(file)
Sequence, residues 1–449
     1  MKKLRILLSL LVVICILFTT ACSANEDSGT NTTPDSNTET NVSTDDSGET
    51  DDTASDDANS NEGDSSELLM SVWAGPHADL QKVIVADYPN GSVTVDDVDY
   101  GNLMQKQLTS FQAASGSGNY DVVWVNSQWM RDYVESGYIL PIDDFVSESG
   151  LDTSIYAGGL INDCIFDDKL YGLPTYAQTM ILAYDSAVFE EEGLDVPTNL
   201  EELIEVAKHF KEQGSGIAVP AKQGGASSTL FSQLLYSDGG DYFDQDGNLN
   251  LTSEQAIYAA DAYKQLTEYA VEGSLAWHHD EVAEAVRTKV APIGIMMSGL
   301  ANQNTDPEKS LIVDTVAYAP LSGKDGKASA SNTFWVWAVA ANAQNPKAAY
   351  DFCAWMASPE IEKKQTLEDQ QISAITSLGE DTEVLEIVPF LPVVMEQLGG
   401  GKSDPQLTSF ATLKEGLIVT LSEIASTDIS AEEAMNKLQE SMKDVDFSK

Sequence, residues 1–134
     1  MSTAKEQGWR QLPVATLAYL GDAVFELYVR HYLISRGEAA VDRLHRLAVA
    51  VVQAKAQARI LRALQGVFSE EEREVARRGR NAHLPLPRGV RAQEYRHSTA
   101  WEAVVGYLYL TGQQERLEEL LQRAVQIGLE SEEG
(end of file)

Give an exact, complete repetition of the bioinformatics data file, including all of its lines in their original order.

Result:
Sequence, residues 1–449
     1  MKKLRILLSL LVVICILFTT ACSANEDSGT NTTPDSNTET NVSTDDSGET
    51  DDTASDDANS NEGDSSELLM SVWAGPHADL QKVIVADYPN GSVTVDDVDY
   101  GNLMQKQLTS FQAASGSGNY DVVWVNSQWM RDYVESGYIL PIDDFVSESG
   151  LDTSIYAGGL INDCIFDDKL YGLPTYAQTM ILAYDSAVFE EEGLDVPTNL
   201  EELIEVAKHF KEQGSGIAVP AKQGGASSTL FSQLLYSDGG DYFDQDGNLN
   251  LTSEQAIYAA DAYKQLTEYA VEGSLAWHHD EVAEAVRTKV APIGIMMSGL
   301  ANQNTDPEKS LIVDTVAYAP LSGKDGKASA SNTFWVWAVA ANAQNPKAAY
   351  DFCAWMASPE IEKKQTLEDQ QISAITSLGE DTEVLEIVPF LPVVMEQLGG
   401  GKSDPQLTSF ATLKEGLIVT LSEIASTDIS AEEAMNKLQE SMKDVDFSK

Sequence, residues 1–134
     1  MSTAKEQGWR QLPVATLAYL GDAVFELYVR HYLISRGEAA VDRLHRLAVA
    51  VVQAKAQARI LRALQGVFSE EEREVARRGR NAHLPLPRGV RAQEYRHSTA
   101  WEAVVGYLYL TGQQERLEEL LQRAVQIGLE SEEG